Excessive fiscal tightening in big economies is as much a problem as excess debt. And since debt is serviced over the long run, what matter is not just today’s aggregate demand but growth in the long run. That depends on investment. A system of fiscal rules that stifles investment undercuts its own sustainability. And this is doubly so in the context of the climate crisis, which requires long-term investment in decarbonisation.
The analyses cited above both put debt sustainability, in this comprehensive sense, at the heart of their proposals. This requires an individualised assessment of national fiscal viability, which acknowledges uncertainty and contingency and the quality of spending decisions. Where they differ is in their proposed architecture for surveillance and enforcement.
Blanchard et al propose to make the assessment more flexible but the enforcement more rigid. They suggest involving the European Court of Justice to rule on violations of fiscal standards. Martin et al favour a more conventional mode of surveillance and enforcement via the Council of the EU.
Federal elections are due in Germany in September. Who controls the Chancellery and the finance ministry will be key.
What their political architectures have in common is a technocratic flavour. Both rely heavily on the analytical capacity of independent fiscal bodies. Budget proposals would, in effect, be subject to macroeconomic stress-testing, to assess their sustainability on the assumption of different growth rates and interest rates. Those tests would be a matter of expert judgement, delivered by fiscal oversight bodies at national and European levels.
The spirit of both proposals is to leave behind the rigidity of the Maastricht criteria. But in political terms the proposals are squarely in keeping with the original spirit of fiscal rule-making, which sought to depoliticise budgetary decision-making and subject it to expert control. Were Europe to go down this route it would be akin, in the fiscal domain, to the evolution of central-banking practice, from the mechanical monetarist rules of the early 1980s to the expert discretion of central banking since the 1990s.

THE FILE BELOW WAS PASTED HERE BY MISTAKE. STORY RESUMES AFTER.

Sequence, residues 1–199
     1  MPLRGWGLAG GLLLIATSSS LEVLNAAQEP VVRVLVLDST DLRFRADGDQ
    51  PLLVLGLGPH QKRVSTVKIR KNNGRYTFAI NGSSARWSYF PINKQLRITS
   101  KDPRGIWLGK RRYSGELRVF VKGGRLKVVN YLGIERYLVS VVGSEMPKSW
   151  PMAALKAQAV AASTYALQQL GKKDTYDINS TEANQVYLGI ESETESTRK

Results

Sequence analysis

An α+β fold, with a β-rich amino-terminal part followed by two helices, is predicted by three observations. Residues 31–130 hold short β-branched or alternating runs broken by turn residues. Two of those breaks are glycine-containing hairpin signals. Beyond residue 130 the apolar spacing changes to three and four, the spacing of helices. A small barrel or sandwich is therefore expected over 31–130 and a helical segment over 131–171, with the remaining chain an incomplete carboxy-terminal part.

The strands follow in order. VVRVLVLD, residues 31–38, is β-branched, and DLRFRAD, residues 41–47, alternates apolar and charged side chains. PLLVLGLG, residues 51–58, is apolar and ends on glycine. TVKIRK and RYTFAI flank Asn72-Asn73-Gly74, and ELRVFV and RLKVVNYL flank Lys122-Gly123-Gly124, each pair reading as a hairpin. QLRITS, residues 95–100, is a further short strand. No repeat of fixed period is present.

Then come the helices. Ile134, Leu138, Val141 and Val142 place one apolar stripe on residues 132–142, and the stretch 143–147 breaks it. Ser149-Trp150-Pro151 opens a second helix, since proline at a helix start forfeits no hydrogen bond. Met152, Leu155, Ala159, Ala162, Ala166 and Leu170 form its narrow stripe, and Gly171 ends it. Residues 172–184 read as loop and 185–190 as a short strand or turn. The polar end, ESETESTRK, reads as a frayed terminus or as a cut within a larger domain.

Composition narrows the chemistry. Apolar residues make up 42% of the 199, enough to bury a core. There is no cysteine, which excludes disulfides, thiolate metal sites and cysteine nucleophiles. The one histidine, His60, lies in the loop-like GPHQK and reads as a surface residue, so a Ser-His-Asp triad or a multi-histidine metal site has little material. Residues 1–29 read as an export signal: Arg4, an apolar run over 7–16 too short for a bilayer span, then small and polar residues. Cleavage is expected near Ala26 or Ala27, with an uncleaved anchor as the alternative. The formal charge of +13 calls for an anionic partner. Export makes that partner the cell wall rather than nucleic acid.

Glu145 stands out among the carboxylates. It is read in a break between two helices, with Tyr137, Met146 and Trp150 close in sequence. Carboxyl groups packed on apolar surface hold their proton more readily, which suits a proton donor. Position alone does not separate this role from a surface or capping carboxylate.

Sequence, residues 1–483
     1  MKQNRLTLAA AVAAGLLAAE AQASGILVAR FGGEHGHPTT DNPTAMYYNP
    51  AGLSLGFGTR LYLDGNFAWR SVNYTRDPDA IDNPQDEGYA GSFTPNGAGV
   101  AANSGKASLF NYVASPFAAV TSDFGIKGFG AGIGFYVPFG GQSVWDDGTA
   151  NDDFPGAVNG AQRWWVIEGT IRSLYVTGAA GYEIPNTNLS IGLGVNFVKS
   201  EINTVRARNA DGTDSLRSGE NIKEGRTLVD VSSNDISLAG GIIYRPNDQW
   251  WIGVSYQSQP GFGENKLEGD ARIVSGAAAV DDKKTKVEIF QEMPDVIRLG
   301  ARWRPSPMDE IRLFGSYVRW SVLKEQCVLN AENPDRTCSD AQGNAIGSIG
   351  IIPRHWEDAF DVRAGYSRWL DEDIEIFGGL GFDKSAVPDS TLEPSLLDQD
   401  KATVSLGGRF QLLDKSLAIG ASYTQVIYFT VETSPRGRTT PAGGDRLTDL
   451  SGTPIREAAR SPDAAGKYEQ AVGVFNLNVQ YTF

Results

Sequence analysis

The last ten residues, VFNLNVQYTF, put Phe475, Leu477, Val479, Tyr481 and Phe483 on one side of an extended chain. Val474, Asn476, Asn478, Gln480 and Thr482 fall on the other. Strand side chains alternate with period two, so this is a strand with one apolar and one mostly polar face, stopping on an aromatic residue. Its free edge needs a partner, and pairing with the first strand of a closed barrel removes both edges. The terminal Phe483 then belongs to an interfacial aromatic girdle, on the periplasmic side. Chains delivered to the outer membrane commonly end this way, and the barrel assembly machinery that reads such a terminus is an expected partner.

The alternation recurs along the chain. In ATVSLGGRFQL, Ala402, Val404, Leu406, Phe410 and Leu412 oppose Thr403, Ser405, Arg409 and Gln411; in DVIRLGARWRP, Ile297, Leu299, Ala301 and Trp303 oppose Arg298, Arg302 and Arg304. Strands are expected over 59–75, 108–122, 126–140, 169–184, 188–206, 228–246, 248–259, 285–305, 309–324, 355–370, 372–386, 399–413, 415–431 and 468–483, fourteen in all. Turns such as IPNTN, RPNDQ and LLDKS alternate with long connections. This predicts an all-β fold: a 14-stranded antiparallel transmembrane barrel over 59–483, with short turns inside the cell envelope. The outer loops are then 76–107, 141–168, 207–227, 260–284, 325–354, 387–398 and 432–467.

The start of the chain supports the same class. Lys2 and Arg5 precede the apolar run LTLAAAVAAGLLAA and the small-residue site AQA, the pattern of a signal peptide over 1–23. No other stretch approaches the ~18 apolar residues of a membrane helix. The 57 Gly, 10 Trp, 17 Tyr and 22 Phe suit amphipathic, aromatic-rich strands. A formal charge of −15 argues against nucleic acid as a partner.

The difference is that whereas central bankers manipulate the private credit system by way of interest rates, fiscal policy is the classic domain of parliamentary politics and its decisions affect the entire structure of state expenditure and revenue. It is, thus, a far more dramatic act of technocratic usurpation. And as we know from earlier rounds of European fiscal battles, its preconditions can only be political — it will depend on agreement among national governments.
Position of strength
Federal elections are due in Germany in September. Who controls the Chancellery and the finance ministry will be key. The Greens favour a strong investment policy, exempt from debt-brake provisions, and a revision of Europe’s fiscal and monetary architecture. They would be promising partners for a programme of European fiscal reform. A very different scenario would emerge if the right wing of the Christian Democratic Union ended up replacing the social democrat Olaf Scholz at the finance ministry.
Whatever happens, Germany will be negotiating from a position of strength. Its strategic partner, as demonstrated once again in 2020, is France. It is not by coincidence that French economists — whether located in Paris, Berlin or Washington — are making the early running in this conversation.
With a debt/GDP ratio of 115.7 per cent, the old Maastricht criteria are no longer within France’s reach. For Paris, therefore, shaping the new rules is of strategic importance. It will decide whether it is able to pursue a strategy of investment-led growth or be forced into humbling and divisive cuts to its large public sector.
Next year is shaping up to be a moment of high drama. On current timetables, the ECB’s pandemic purchase programme and the suspension of the Stability and Growth Pact come to an end in the spring. In the first half of 2022 France will hold the rotating presidency of the Council of the EU and, if that were not enough, the first round of its presidential elections is due in April.
All of Europe will watch anxiously as the centrist incumbent, Emmanuel Macron, jousts, once again, with Marine Le Pen of the far-right Rassemblement National. Macron will no doubt want to run on a platform of European reform. The rest of Europe should brace. One option that really isn’t available is a continuation of the status quo. Neither, however, is a return to the rules of the pre-crisis era.